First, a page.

by Charles A. Monagan
Jul 10, 2012
06:47 AMOn Connecticut
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It was a jumpy spring in connecticut for worriers and first responders. From one end of the state to the other, there were episodes of spilled white powder, suspicious packages, unattended suitcases, phoned-in bomb threats and even a diverted flight involving Bradley International Airport.
The white-powder incidents were especially impressive. Within a three-week period beginning in late April, the following were recorded:
- In Avon, powder found in a teacher’s purse at Farmington Valley Diagnostic Center was determined to be baking soda. A 17-year-old student was later arrested.
- In New London, the New London Homeless Hospitality Center was evaculated and closed for a period after white powder spilled from a manila envelope addressed to one of the overnight residents.
- In Norwalk, officials investigated a white powder thrown from a passing car. The substance was later determined to be cornstarch.
- In Waterbury, the Rowland Government Center was evacuated and then shut down for an additional day after an envelope was found to contain powder.
- A Goodwill Store in Rocky Hill and elementary school in Newington were evacuated and shut down after letters containing white powder were received. (The letters were thought to be part of a batch of 400 such malicious missives sent out by an as-yet-to-be-apprehended crackpot in Texas.)
- In Bristol, a white powder found in a letter sent to the headquarters of ESPN turned out to be drywall dust.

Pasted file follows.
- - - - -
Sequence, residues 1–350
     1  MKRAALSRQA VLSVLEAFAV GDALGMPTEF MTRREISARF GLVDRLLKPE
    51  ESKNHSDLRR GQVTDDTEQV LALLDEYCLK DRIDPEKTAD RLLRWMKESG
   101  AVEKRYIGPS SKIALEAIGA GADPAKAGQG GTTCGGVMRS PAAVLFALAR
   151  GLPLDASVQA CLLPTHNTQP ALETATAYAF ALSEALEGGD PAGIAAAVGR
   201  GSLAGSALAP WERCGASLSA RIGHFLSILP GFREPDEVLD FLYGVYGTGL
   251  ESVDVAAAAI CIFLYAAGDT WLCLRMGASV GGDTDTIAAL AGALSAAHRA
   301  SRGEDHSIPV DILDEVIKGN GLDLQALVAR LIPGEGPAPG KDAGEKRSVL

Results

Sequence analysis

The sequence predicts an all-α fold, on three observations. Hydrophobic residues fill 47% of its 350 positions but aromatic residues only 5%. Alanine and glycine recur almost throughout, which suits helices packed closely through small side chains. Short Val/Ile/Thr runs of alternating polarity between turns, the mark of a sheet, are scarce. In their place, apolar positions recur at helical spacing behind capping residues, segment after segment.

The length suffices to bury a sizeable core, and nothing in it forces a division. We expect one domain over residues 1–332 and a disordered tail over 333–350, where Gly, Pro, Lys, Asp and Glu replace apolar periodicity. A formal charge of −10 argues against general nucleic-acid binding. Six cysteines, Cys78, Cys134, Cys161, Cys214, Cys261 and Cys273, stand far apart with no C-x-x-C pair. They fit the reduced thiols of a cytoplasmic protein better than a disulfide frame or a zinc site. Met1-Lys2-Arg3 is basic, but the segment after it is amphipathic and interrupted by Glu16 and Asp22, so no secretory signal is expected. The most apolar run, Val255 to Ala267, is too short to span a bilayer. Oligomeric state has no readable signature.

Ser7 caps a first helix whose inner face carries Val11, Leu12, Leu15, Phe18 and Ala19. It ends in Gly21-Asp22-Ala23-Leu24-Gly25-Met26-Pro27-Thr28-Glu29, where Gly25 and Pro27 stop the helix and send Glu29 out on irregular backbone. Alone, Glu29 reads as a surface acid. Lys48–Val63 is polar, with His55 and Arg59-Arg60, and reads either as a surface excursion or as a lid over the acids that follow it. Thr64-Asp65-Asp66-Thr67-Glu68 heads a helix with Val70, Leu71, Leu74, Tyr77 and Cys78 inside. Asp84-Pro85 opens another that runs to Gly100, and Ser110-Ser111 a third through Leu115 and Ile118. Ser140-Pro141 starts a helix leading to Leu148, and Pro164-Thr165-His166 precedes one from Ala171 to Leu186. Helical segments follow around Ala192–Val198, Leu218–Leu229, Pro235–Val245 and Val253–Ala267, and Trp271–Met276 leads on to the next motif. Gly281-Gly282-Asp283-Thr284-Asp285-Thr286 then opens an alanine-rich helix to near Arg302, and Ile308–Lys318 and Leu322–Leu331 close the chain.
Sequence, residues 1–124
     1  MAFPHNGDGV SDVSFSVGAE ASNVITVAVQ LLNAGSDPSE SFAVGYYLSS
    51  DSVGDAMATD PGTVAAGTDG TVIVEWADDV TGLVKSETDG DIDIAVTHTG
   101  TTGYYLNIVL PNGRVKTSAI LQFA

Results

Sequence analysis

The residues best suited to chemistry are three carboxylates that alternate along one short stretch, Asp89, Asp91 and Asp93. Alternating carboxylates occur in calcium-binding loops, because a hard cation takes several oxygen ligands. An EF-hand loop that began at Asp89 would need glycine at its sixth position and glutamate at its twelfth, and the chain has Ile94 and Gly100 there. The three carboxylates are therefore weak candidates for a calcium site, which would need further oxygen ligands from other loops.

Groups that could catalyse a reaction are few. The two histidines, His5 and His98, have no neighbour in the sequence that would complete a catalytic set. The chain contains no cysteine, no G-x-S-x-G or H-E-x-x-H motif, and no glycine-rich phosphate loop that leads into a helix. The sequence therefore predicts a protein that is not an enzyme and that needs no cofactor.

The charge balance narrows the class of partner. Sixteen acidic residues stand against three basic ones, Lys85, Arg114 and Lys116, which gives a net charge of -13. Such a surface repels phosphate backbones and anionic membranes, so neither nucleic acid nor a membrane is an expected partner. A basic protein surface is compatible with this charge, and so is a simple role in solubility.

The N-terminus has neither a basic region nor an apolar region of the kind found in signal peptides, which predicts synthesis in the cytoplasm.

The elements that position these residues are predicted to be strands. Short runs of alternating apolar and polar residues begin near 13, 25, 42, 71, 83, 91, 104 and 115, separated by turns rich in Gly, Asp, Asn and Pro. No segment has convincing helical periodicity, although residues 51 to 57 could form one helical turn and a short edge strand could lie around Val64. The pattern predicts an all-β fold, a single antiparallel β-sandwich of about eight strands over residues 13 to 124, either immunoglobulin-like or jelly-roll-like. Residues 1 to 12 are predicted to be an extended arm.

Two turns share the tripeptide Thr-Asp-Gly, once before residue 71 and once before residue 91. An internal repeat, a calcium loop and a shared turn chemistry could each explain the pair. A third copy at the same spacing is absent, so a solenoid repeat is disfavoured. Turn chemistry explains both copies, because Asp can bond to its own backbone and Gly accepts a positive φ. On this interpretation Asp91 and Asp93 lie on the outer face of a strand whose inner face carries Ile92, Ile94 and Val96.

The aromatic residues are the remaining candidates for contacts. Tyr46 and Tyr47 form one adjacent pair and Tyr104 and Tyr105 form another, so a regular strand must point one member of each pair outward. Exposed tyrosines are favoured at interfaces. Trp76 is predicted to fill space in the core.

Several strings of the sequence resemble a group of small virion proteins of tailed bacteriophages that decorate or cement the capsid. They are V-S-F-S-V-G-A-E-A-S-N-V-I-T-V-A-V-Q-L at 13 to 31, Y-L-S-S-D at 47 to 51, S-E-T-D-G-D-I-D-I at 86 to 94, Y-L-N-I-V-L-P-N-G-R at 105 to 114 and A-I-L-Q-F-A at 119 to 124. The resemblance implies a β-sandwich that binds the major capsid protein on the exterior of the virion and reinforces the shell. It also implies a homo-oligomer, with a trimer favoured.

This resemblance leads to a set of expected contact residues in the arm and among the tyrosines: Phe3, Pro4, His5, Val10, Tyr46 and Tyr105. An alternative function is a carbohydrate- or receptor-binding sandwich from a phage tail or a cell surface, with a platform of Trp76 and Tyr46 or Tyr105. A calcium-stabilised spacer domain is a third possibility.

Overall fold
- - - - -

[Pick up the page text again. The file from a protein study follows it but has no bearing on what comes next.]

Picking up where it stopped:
As an extra bonus, during the same period, there was even a suspicious package reported at Eastern Connecticut State University that kept students locked down in their dorms for several hours until it was found to contain nothing but toilet paper.
The thing is, I was only vaguely aware of most of these emergency situations, and I’m thinking the same probably goes for you, too. After all, there are literally thousands of anthrax hoaxes every year in the United States and probably just as many suitcase and package false alarms, along with mercury spills, asbestos alerts and reports of other environmental mishaps. The incidents tend to slip onto your radar and then almost immediately slip off again.
Unless, of course, the powder happens to be spilled anywhere around where you happen to be—in your school or workplace, or on your street. Then the extraordinarily heavy, time-consuming and costly governmental response makes you very aware that there might be a problem.
Typically, the area is cordoned off, with police controlling the perimeter, as local and state HAZMAT units arrive in their lunar lander suits. If you aren’t immediately evacuated, you may be quarantined for hours or even probed and tested for poison. Often the building is closed for an additional day or two while testing, which was already done on-site, is completed in a state lab.